Sunday, July 12, 2009

Delphi Prism - First Experiment

After writing a simple Winforms application I figured I should try out Delphi Prism and Monobjc to write a program for Mac OS X.

My first attempt was a disaster and I ran into three bugs in the IDE (now reported to Embarcadero), and two problems that I caused myself while trying to figure out how to deal with everything else that went wrong.

But at the end somebody in the Embarcadero newsgroups managed to explain everything so clearly that even I could understand it.

First, I spent a Saturday afternoon at Powerscourt Gardens in Wicklow, which I now realise is an excellent way to start a project.

It rained, which meant that most visitors were spending their valuable free time in the main building. We pretty much had the entire park for ourselves. It wasn't raining hard.

Powerscourt Gardens has an English garden, a Japanese garden, and a Robin-Hood style valley with cannon tower.

But be that as it may, Saturday evening and Sunday was spent learning Delphi Prism and playing StarCraft.

Delphi Prism supports Cocoa via Cocoa# and via Monobjc. Monojbc is now the preferred method. Most Cocoa classes, including GUI and other classes are exposed to .NET via wrappers provided by Monobjc. It is possible to create an NSMutableString in Prism and I assume it can be cast into a System.String but I haven't tried.

But what is perhaps most important is that Monobjc allows Prism (and any other .NET language) to use Cocoa NIB files. NIB files contain, as I understand it, archived (or "serialised") Cocoa objects like windows, buttons, text fields etc.. which can be unarchived and connected to delegates at runtime. Via Monobjc a .NET class can act as the delegate for these Cocoa objects.

Delphi Prism provides tools to read NIB files into Visual Studio and Prism and allows for somewhat easy interaction between the Windows and Mac worlds. Prism also creates a bundle out of the compiled .NET assemblies and adds all required DLLs the usual way.

After building the application in Visual Studio, the result is a bundle with a Macintosh icon (in this case the default icon for Monobjc projects in Delphi Prism):

The application uses native Cocoa windows fresh out of a NIB file. Here the text in the text box is not part of the window definition from the NIB but was added by a delegate method awakeFromNib: which is implemented in Pascal.

The text field ("textMessage") is mapped to the NIB in designable.pas, a Pascal file in the NIB folder.

The code for the actual method looks like this:

method ApplicationController.AwakeFromNib;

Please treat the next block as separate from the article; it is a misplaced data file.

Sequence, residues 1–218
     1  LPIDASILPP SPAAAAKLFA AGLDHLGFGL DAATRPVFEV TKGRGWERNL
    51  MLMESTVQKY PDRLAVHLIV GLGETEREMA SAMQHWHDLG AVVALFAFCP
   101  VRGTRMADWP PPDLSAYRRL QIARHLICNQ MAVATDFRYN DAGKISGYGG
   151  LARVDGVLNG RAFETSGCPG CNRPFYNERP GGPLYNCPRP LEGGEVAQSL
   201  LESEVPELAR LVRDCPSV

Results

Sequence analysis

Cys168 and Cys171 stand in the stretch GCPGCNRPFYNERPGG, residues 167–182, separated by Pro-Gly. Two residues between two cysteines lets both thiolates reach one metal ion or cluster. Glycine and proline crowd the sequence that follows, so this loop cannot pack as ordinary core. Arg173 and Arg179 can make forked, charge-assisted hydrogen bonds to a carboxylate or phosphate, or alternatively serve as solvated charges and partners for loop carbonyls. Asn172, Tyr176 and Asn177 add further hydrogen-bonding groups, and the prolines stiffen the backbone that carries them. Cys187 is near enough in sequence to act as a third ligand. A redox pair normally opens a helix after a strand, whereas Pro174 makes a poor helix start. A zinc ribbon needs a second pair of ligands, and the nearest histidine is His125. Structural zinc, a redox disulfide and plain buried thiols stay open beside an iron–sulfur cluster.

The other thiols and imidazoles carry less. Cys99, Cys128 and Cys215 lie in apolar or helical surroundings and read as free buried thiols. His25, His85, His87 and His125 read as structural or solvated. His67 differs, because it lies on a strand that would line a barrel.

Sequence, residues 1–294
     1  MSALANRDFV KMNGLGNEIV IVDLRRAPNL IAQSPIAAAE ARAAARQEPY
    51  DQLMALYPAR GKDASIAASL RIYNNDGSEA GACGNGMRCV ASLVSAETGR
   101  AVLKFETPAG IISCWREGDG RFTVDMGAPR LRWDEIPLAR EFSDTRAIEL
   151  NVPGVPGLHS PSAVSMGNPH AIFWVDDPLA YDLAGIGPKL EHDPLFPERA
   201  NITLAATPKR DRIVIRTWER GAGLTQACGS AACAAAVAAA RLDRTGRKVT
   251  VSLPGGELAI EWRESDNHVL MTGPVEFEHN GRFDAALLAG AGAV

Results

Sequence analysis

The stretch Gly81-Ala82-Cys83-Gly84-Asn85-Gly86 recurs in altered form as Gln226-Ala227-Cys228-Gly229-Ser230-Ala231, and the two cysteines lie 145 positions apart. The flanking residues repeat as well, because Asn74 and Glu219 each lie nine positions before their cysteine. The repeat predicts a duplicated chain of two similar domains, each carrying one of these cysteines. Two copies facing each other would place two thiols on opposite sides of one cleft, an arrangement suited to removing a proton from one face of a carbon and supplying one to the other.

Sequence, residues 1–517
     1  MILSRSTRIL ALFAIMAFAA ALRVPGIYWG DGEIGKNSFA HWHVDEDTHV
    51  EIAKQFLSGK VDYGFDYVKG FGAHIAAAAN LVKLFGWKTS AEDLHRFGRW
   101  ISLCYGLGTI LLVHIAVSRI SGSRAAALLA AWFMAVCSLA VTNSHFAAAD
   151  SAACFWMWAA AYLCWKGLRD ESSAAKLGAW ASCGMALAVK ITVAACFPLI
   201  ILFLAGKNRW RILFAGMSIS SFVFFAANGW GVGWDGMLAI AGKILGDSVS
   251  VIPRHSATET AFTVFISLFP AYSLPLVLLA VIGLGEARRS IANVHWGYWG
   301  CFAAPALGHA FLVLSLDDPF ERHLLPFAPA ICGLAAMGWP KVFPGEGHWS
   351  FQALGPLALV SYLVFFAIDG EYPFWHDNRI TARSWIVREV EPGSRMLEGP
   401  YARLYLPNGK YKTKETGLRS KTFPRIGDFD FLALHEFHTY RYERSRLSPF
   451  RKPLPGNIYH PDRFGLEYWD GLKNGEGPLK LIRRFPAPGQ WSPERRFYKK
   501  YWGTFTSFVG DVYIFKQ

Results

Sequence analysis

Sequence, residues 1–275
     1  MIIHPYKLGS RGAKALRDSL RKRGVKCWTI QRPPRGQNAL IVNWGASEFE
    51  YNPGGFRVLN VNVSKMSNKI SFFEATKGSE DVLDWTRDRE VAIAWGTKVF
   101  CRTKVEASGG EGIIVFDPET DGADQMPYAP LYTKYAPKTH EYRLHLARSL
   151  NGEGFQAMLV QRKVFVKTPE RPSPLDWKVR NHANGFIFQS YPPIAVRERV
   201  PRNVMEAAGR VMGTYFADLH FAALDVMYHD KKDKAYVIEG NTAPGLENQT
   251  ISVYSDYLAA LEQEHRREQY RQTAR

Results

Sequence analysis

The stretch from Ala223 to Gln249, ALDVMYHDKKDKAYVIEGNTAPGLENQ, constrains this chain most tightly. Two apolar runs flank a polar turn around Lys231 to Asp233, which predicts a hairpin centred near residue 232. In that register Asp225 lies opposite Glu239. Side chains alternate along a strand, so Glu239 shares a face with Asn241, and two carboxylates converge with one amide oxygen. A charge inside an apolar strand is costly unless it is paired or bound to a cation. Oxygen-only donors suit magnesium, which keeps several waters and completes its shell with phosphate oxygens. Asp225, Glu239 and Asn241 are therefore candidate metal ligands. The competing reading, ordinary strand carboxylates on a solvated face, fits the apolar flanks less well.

textInfo.StringValue := 'Hello Prism Cocoa 2 Judgement Day';


AwakeFromNib() is mapped to the Objective-C method awakeFromNib: automatically. I think Prism's NIB reader tool does that. Not all delegate methods are automatic like that. More about that later.

Here we have an alert box (NSRunAlertPanel) displayed when the OK button in the main window is clicked.

The method for the button event has to be added as an action in the NIB file and will then show up in designable.pas in the NIB folder. Somehow that maps the Pascal method to the action in the NIB file as Cocoa expects it.

Embarcadero say that this is a well-designed feature but I think it is magic.



method PushOK(aSender: NSObject); partial; empty;

(This is the generated code in designable.pas that maps the method to the action in the NIB file.)

method ApplicationController.PushOK(aSender: NSObject);


msgbox: Integer := AppKitFramework.NSRunAlertPanel('Hello Prism Cocoa 2 Judgement Day', 'Somebody pressed the OK button!', 'Really?', nil, nil, nil);


if msgbox = NSPanel.NSAlertDefaultReturn then textInfo.StringValue := 'Somebody pressed the OK button just then.';


(This is the code I wrote to make the alert box appear and change the text in the text field.)

The text field's contents has been changed by the method called by the button pressed.

Everything in the text field is selected. I didn't care because I was only experimenting. But I guess I have to play with a few attributes a bit more.

One common problem with Cocoa (it's by design for good reason) is that closing the last window does not quit the program. This is very useful in a Web browser or word processor but annoying when the program only has one window and is useless without that one window.

So I figured this would be a good way to test surprising delegate methods (i.e. those that are not awakeFromNib:).

I display an alert box when the red button to close the window is clicked on.